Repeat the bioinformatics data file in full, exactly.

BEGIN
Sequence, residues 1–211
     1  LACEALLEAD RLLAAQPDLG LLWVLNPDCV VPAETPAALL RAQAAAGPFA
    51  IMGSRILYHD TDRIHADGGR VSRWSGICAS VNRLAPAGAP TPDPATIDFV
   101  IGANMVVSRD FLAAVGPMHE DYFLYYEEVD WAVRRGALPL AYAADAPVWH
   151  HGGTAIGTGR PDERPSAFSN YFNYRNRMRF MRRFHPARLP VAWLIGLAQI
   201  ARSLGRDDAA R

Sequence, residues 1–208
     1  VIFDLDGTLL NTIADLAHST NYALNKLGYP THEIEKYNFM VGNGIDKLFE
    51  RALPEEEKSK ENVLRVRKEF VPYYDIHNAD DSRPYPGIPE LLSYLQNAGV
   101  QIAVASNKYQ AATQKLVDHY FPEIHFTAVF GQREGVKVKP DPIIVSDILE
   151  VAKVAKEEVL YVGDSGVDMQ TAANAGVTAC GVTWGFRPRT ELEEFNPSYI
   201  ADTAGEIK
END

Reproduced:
Sequence, residues 1–211
     1  LACEALLEAD RLLAAQPDLG LLWVLNPDCV VPAETPAALL RAQAAAGPFA
    51  IMGSRILYHD TDRIHADGGR VSRWSGICAS VNRLAPAGAP TPDPATIDFV
   101  IGANMVVSRD FLAAVGPMHE DYFLYYEEVD WAVRRGALPL AYAADAPVWH
   151  HGGTAIGTGR PDERPSAFSN YFNYRNRMRF MRRFHPARLP VAWLIGLAQI
   201  ARSLGRDDAA R

Sequence, residues 1–208
     1  VIFDLDGTLL NTIADLAHST NYALNKLGYP THEIEKYNFM VGNGIDKLFE
    51  RALPEEEKSK ENVLRVRKEF VPYYDIHNAD DSRPYPGIPE LLSYLQNAGV
   101  QIAVASNKYQ AATQKLVDHY FPEIHFTAVF GQREGVKVKP DPIIVSDILE
   151  VAKVAKEEVL YVGDSGVDMQ TAANAGVTAC GVTWGFRPRT ELEEFNPSYI
   201  ADTAGEIK